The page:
…or, like Wile E. Coyote, have they already gone over the cliff but have yet to realize it? Since our last entry on the topic, Bruce Weber’s Illini have dropped three straight. Three straight close games, two of which came down to the final play of regulation and included some pretty terrible calls by the officials. But that’s three losses, which drops them out of any aspirations for the conference title and begins to put NCAA tourney hopes on thin ice. Realistically you wanted to win two out of the last three if you’re for real.
But these Illini are what they are – a pretty tough defensive team (though not elite) prone to long futile offensive lapses. They have some good athletes and good role-players, but at certain positions lack enough skill or talent to put them into contention for the Big 10 and deep tourney runs. This has been the case for the majority of Bruce Weber’s tenure. According to Illini beat writer Paul Klee, in the years AD (After Dee) the Illini are .500 in conference play: 48-48.
That’s not good enough for Illini fans.
My brother (sometimes known as the Rube) posted a couple of long rants on the last blog entry. They are quite entertaining and offer a good deal of insight. The Rube was a member of the Rebounders’ Club for years until quite recently, attended practices and interacted with players and coaches more than most fans. He opines what most of us believe: Coach Weber works as hard as any coach in the nation, runs a clean program, cares for his players intensely, and is a good and decent man. But his teams have not executed well enough and won enough. After several long and heated discussions, here are our three main points:
- Too Stubborn – Coach Weber has stayed true to the Gene Keady philosophy of tough, hard-nosed basketball. No problems there. But his refusal to adapt the motion system of offense, to incorporate other defenses, to play up-tempo, to use his bench when thought to be a strength. All of these factors indicate a Coach too set in his ways to adapt to his players’ strengths and weaknesses. Every coach should believe in their system, but a great coach can adjust and improvise when needed. The Illini have become so predictable that they’re the easiest team in the Big 10 to prepare for, the easiest to gameplan against.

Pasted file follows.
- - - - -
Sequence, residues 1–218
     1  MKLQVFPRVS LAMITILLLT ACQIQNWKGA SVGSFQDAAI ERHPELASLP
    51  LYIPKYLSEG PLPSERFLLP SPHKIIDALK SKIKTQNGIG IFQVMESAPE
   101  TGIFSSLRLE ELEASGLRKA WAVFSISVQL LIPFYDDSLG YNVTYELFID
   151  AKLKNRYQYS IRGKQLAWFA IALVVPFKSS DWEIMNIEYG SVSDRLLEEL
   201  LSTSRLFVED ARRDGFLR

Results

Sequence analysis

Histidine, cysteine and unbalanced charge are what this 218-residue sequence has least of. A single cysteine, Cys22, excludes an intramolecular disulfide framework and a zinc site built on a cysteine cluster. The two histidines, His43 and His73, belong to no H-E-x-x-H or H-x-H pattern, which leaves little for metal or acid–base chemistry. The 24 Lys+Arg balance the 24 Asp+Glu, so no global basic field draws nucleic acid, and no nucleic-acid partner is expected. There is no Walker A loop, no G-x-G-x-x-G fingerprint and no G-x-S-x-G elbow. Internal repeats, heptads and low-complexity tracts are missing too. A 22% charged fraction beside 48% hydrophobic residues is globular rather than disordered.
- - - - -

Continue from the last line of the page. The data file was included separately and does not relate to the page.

- Bad Offense – Unless Deron Williams is running the point with Dee and Luther on the wings, you have a consistently poor offensive team. This goes back to the Keady system of defense, defense, defense first, and Coach Weber proudly proclaiming they spend 60-70% of their time working on defense. Beemsville has railed against the motion offense for years – how predictable it becomes in the late stages of the season, how dependent it is on jump-shooting, how it does not foster post play and driving lanes and offensive rebounds. The fact is, these Illini teams would like to play at somewhere between 45-60 points and grind you down. But bad offense allows inferior teams (Penn State, St. Bonnie, Illinois State, Maryland) to stay with you and make a game of it. Because Coach is too stubborn, he does not work enough on offense in practice, young players get confused and lose confidence, and the Illini seem to always be on the verge of clinching up with the shot clock running down. There’s no variation, no transition game, and now Dee Brown, I mean – Demetri McCamey, I mean – Brandon Paul is taking a contested off-balance 3…
- Recruiting – This isn’t all Bruce’s fault, going back to the whole EJ Gordon fiasco, which screwed the program for years, and we also recognize that the Chicago Hype Machine makes certain players out to be better on paper than reality. It’s also a fact that the AAU and all-star scene churns out players who can dunk and shoot 3s, but can’t box out or pass it to the post. But with the exceptions of Jereme Richmond and Brandon Paul, Coach Weber’s staff has missed on the top Chicago-land players year in and out – even with the help of Jerrance Howard. We understand that you just can’t get some of these guys due to the dirt and grime, but you still have to do better. Additionally, the Illini have seemed unable to fill key positions at key times, such as right now with the point guard position. At this point, with Weber’s refusal to make even minor changes to his staff, offensive system, etc., major changes on the recruiting front seem unlikely.
So now we watch this slogging offense and unchanging system attempt to grind out 6-7 more wins and make it to the tourney, hoping to avoid a bad matchup and somehow make it past the first weekend. In all actuality, this was our prediction for the team before the season even began. These were reasonable expectations: finish in the top half of the conference, look dangerous in March, and win some tourney games. All of this could still happen. But the team could just as well go the other direction. And this is the same situation Illinois has found itself in for years. A seeming inability to get over the hump is why many are ready for a change.